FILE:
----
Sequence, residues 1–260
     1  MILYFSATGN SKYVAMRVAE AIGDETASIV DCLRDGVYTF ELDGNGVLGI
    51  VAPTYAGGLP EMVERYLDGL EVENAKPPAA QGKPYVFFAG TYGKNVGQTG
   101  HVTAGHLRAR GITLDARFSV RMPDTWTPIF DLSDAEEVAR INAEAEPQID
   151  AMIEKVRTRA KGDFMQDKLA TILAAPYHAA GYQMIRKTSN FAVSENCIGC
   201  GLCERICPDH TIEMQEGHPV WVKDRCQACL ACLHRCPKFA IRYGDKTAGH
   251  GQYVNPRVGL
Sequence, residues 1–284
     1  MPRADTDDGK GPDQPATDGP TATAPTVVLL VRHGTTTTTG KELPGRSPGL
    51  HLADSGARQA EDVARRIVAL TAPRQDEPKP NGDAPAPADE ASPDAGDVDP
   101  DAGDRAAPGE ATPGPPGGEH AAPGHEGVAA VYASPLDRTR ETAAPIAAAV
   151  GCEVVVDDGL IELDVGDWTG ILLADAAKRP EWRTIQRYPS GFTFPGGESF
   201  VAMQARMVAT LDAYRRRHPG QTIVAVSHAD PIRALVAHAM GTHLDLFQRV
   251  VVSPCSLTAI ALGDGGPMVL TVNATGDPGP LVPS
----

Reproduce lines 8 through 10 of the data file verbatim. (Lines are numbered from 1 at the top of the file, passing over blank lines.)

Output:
Sequence, residues 1–284
     1  MPRADTDDGK GPDQPATDGP TATAPTVVLL VRHGTTTTTG KELPGRSPGL
    51  HLADSGARQA EDVARRIVAL TAPRQDEPKP NGDAPAPADE ASPDAGDVDP